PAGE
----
A Tiny Tale

The very first time I dove down the miniatures rabbit hole I chose one of my favourite things – a little, old tatty novel.

Being the path-paver for all miniatures that followed, this little book was fairly simplistic in design, but big in nostalgia, and really served to be an experiment in miniature paper art.

Little did I realise that it was the beginning of an insanely obsessive, vintage-overloaded hobby that would have me scheming at 3am and forgetting to feed myself. (The by-products of exciting ideas I suppose)


I love the aesthetic of an old library stacked with shelves of dusty books (complete with ladder and butler) and I wanted to pick up on that vibe with this artwork. I also LOVE a good novel, and the idea of reading a story over and over without tiring of it – which partially inspired the roughed-up aesthetic.

To me this book had a life of its own that I wanted to somehow portray. It was an adored treasure, read over and over, its pages creased and worn from being handled so much.This book was someone’s favourite novel that they would keep forever.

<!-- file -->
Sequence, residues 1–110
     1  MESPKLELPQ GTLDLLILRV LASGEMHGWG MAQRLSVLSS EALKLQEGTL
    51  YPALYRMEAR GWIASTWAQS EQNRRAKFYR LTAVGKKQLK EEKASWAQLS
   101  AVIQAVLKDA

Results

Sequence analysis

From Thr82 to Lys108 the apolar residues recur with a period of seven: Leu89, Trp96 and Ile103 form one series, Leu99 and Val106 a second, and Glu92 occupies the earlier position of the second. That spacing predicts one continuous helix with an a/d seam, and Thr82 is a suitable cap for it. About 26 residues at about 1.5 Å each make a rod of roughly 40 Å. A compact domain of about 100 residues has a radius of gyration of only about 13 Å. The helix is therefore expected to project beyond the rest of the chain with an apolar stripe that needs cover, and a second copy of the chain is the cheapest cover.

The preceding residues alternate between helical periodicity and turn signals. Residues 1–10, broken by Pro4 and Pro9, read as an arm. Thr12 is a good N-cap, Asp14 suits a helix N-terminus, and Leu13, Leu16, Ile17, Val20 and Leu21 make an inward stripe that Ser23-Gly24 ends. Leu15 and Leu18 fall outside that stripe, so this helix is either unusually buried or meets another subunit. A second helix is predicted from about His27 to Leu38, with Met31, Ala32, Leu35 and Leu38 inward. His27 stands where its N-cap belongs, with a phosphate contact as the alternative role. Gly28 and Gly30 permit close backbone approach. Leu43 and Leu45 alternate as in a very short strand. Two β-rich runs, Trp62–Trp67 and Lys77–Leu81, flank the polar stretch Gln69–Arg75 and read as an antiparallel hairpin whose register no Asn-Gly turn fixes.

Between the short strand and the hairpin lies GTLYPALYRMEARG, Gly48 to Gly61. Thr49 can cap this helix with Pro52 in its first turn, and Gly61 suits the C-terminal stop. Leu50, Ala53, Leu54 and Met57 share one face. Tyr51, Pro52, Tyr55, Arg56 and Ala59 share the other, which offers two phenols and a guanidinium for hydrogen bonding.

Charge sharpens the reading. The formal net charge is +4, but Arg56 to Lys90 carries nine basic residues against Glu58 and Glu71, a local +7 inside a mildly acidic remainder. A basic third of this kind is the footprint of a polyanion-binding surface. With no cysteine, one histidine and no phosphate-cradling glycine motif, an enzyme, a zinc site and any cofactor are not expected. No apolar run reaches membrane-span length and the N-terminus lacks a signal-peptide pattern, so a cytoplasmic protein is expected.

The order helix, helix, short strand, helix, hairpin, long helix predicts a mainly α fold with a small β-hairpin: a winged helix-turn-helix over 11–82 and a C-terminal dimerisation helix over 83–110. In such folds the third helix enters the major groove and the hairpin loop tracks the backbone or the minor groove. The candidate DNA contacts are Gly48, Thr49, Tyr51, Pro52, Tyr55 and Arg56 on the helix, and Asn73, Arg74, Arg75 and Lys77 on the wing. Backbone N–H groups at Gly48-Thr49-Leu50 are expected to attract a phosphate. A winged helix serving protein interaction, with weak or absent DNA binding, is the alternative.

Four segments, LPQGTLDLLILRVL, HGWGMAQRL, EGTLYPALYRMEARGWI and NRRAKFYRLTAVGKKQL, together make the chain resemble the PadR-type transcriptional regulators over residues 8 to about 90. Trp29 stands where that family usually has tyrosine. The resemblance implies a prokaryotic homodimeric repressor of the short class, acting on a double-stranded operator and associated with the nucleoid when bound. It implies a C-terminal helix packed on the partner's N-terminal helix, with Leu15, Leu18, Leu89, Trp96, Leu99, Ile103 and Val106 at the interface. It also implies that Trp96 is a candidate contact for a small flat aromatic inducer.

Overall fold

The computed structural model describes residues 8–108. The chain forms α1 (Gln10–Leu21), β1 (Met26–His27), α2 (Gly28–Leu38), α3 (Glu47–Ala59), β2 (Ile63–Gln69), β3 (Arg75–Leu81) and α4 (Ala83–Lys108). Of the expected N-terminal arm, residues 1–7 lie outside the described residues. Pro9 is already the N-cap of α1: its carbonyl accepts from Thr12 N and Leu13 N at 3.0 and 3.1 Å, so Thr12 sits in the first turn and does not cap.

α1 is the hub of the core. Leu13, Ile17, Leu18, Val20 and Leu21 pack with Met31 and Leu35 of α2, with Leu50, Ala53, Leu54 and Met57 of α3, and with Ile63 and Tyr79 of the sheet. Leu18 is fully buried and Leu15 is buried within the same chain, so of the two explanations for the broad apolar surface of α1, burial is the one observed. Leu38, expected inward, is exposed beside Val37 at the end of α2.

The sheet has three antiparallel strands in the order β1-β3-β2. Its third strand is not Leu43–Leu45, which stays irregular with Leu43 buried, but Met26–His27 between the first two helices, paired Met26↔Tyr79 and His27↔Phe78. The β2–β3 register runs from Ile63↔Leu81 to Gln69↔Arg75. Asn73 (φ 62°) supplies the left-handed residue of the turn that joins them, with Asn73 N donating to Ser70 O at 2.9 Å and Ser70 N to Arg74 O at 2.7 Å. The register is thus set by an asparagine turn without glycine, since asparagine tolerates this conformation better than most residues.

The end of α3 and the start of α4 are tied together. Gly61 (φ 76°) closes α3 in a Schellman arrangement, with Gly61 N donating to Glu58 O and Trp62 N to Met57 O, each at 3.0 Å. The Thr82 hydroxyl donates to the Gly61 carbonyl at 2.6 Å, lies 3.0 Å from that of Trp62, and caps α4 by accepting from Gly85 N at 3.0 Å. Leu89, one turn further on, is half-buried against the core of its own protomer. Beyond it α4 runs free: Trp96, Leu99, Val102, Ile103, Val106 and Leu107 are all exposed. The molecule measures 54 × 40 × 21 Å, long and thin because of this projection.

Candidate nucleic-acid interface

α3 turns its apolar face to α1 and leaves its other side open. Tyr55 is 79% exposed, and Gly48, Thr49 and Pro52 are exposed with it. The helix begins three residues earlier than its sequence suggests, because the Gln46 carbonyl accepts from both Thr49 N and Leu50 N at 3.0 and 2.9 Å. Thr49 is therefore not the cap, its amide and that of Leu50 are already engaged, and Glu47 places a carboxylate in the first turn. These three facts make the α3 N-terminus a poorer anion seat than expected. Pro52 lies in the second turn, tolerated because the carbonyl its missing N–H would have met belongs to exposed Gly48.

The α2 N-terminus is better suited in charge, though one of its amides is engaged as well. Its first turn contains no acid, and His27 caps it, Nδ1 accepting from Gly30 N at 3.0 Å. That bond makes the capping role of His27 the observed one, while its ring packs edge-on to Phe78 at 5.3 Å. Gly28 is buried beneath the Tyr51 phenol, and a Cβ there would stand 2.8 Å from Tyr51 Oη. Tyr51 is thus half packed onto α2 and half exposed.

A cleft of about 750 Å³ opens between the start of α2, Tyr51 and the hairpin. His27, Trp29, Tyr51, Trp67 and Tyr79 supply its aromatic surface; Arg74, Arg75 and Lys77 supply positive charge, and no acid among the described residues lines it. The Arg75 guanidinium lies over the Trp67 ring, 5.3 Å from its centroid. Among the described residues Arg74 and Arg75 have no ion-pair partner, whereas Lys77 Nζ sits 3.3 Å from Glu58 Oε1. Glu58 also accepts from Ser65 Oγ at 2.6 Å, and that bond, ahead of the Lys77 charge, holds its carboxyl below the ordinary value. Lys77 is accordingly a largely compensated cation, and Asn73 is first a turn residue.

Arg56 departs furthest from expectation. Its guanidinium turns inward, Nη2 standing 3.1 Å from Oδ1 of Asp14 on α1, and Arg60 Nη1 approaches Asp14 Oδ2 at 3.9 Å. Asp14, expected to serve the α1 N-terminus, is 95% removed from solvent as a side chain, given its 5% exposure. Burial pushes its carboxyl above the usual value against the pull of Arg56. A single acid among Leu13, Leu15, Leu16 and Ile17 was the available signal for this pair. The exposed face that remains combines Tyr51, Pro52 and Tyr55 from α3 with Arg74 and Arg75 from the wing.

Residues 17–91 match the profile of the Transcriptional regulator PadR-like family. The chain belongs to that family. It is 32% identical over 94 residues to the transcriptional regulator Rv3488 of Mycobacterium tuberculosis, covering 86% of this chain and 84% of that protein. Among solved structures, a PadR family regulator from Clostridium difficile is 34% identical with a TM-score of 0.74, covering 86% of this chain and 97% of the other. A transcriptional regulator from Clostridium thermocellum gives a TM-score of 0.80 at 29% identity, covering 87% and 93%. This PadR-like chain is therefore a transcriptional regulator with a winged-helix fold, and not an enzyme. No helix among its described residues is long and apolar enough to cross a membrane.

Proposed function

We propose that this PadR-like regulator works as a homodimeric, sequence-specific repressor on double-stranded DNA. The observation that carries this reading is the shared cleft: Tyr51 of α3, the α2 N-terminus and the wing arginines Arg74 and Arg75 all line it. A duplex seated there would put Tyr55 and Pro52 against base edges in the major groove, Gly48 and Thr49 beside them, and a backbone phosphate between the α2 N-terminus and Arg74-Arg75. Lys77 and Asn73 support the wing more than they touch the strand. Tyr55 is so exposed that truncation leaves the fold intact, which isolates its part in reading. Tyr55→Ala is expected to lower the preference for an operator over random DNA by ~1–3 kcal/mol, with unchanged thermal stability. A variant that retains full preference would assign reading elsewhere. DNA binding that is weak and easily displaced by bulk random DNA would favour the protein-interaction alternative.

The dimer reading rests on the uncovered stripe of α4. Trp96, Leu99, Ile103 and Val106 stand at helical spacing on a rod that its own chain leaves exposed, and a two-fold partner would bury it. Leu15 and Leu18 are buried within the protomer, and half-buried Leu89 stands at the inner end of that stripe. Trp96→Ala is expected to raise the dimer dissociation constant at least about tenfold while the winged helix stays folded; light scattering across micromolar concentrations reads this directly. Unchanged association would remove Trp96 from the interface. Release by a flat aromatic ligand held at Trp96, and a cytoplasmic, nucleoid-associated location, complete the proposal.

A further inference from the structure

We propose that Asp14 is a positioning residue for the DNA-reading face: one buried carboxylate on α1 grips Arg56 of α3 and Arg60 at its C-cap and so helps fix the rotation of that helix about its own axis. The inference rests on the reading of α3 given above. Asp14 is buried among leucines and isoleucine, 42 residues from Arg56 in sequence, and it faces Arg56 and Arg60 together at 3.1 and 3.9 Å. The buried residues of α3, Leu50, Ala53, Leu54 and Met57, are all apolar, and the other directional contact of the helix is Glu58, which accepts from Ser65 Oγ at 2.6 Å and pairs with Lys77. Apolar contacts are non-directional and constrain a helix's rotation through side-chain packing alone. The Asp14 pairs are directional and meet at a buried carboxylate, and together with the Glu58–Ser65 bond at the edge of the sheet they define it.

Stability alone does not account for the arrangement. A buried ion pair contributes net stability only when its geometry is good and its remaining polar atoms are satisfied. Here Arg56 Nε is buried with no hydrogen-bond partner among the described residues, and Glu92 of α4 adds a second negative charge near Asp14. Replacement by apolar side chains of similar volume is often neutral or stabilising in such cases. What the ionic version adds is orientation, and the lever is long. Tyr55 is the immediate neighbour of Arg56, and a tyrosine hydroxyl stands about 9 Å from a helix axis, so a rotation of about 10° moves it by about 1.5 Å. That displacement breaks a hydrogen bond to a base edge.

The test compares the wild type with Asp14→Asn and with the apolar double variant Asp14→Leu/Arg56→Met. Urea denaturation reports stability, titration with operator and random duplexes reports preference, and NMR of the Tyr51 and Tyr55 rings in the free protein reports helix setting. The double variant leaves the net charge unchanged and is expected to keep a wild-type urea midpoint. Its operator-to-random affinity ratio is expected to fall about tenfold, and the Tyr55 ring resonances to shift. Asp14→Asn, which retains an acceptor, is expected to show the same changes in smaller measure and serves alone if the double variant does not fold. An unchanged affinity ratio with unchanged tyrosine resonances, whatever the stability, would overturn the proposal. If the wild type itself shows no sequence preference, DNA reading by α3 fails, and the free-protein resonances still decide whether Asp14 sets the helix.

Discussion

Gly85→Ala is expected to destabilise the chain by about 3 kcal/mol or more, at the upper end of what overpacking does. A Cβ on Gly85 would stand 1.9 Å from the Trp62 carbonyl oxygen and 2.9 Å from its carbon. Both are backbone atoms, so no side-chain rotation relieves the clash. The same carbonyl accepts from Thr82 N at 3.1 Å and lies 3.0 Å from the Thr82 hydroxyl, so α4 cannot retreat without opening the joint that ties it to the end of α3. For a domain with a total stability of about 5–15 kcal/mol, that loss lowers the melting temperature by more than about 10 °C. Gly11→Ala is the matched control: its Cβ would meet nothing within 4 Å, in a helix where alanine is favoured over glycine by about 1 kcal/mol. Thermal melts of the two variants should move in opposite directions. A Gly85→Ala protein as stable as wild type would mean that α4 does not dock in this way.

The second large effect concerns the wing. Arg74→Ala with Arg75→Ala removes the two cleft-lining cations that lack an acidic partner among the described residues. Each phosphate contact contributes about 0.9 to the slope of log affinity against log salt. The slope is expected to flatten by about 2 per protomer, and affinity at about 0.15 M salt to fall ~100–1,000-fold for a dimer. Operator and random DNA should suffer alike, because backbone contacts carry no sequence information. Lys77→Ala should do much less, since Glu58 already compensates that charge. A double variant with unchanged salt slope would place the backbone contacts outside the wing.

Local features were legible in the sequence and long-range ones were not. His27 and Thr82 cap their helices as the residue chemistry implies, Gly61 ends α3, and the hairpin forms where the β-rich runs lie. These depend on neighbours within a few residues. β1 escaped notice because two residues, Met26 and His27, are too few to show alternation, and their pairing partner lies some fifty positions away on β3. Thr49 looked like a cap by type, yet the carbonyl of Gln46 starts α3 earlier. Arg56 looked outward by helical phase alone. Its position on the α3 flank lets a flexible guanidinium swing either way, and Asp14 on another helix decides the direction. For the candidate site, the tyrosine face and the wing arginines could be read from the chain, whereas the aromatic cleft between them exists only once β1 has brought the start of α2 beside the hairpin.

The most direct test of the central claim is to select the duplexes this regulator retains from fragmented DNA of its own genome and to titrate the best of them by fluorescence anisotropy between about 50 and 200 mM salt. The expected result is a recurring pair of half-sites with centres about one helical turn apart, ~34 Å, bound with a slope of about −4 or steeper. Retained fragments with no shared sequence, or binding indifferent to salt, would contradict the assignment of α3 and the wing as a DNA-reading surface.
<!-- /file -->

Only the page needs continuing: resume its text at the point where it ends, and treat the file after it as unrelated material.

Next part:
Before I started making anything, I jumped on the google machines and found at least 3 good images of old novels that would serve as inspiration, and then chose my favourite features from each until I had a glorious mish-mash.

To give it that true aged look, I stained some copy paper with tea, and cut out 2 pages worth of tiny book pages. The task of gluing these to the book’s cover was onerous, horrible and time-consuming and I had to walk away many times to prevent the inevitable cross-eyed-ness.

Once all the pages were in and embellishments finished on the cover, I had a bit of fun roughing up the paper to give it that “old” look. This bascially involves sliding the edge of a pair of scissors across the surface a few times – very carefully – to wear it a little.

Then voila – my little book was done.

The next step involved giving my artwork a good dunking in sealer so it came up all glorious and shiny. I painted it at least twice – to satisfy the perfectionist me – and then once dry – I admired my handiwork, emitted some sort of ridiculous squeak of excitement and enjoyed the overall satisfaction of having mastered it.

I chose to make this particular one a necklace because I think that old books are generally universally loved, and thought it would probably make a damn-cute piece of jewellery. Am I right?

I had another one of those ephifanatic (shhhh, it is a word) moments after this little one was done. My brain went into serious overdrive thinking about all the different little objects I could make replicas of, and after a while I had to pull the breaks on the excitement so that I could start to put together a game plan.

What I learned:

That working in miniature is freaking awesome.

That endless, endless, endless possibilities await…


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